• Cisco remains relatively agnostic on the middleware front, which could prove to be smart, as the IPTV market is still in its early stages. Cisco can also leverage the extensive middleware partnerships that Scientific Atlanta has in place. Scientific Atlanta’s IP STBs are designed primarily to support Microsoft and Siemens/Myrio middleware.
  • Huawei Technologies Co. Ltd. ’s end-to-end IPTV story is relatively weak, to be honest, although it is working with Cascade Ltd. on the middleware side for some initial deployments in China. Huawei does not view IPTV as high of a priority as its peers do, and is growing its revenues significantly in areas outside of IPTV.
  • Lucent is late in getting its IPTV story together, but has recently partnered with Orca, a respectable middleware player. The Telefonica Imagenio middleware opportunity is another positive point for Lucent, depending on what it translates into in the field.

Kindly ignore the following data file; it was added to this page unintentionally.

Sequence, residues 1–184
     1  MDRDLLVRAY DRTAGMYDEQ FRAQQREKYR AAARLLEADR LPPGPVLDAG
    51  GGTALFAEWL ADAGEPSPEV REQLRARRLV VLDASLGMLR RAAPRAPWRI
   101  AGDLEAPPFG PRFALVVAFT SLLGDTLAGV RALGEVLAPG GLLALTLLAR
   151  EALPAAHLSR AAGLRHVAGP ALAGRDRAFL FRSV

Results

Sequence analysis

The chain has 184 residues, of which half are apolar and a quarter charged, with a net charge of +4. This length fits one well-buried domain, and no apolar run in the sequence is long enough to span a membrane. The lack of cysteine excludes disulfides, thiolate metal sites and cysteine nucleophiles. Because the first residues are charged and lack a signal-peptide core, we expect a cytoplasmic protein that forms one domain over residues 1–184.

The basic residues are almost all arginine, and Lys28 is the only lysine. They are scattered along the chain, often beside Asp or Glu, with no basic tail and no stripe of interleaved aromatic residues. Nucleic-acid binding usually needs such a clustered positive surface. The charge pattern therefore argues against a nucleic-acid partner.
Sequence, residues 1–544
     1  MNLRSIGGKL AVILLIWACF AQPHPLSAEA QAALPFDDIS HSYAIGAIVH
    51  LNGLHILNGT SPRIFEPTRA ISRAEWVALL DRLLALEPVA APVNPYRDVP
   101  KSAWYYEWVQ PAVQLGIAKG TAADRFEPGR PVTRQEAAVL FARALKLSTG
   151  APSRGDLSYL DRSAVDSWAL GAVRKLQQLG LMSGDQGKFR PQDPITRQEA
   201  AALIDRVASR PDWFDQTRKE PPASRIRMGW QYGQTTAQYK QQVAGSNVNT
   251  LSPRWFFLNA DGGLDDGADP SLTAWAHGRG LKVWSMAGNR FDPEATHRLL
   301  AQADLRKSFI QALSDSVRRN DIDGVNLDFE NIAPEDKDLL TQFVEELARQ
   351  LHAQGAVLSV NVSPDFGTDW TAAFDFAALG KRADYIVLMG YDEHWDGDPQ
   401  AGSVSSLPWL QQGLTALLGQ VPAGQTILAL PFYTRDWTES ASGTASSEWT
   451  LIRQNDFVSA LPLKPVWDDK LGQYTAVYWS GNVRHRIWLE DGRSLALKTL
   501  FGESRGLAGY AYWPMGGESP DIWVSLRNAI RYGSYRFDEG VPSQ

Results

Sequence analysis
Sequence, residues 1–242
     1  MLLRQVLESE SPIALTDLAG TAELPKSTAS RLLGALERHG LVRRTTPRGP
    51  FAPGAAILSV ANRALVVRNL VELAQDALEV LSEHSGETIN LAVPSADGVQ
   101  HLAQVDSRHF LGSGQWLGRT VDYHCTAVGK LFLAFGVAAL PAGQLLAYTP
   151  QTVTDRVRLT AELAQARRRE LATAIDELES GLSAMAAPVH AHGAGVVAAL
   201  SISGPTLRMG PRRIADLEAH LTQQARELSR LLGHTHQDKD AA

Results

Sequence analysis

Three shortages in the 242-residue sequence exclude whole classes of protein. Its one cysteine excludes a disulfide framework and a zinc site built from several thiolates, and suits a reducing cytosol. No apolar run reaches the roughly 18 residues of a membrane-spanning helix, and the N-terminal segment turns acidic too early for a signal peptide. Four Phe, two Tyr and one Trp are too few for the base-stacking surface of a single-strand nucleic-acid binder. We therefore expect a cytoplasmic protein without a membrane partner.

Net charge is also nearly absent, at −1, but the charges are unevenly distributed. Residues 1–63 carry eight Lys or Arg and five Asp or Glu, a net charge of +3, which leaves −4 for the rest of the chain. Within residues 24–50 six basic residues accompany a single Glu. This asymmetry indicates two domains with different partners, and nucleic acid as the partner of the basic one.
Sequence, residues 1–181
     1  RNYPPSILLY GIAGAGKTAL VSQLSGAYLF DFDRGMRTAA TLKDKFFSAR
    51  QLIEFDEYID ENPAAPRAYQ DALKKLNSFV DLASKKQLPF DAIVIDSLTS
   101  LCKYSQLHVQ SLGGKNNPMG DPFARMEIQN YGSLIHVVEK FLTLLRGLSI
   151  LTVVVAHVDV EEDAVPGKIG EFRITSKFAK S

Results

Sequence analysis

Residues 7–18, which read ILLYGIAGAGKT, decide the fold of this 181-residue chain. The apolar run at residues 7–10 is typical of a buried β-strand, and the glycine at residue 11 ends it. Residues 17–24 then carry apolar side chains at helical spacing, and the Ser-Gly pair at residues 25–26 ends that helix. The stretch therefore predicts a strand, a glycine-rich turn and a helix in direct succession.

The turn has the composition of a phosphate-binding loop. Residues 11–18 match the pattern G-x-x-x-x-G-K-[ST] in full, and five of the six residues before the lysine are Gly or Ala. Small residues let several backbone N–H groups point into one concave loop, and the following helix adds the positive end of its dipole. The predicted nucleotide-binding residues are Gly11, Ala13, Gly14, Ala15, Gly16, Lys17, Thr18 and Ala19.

• Nortel Networks Ltd. is struggling with its IPTV position, and its recently announced Minerva Networks Inc. middleware partnership isn’t enough to give it much momentum. An acquisition of Siemens Network Communications business, as recently speculated, could bring it a long way in the IPTV world.
  • Siemens made the right move with Myrio middleware and, combined with its infrastructure products and home networking CPE products, is piecing together a good IPTV strategy. Enabling the Myrio team to execute without getting bogged down in Munich-driven strategy will be key to its success. A speculated Nortel acquisition could slow things down and add confusion.
Microsoft has challenges beyond the middleware components of its end-to-end platform. For example, its fast channel change capability is table stakes, not a differentiator. Also, that capability requires a significant hardware investment and suffers from performance issues related to changing between non-adjacent channels.

Don’t get me wrong, Microsoft will be a major player in IPTV, but it is beatable. It will be important for service- and network-layer infrastructure vendors to stay close to Microsoft. Just how close is the question.

— Rick Thompson, Senior Analyst, Heavy Reading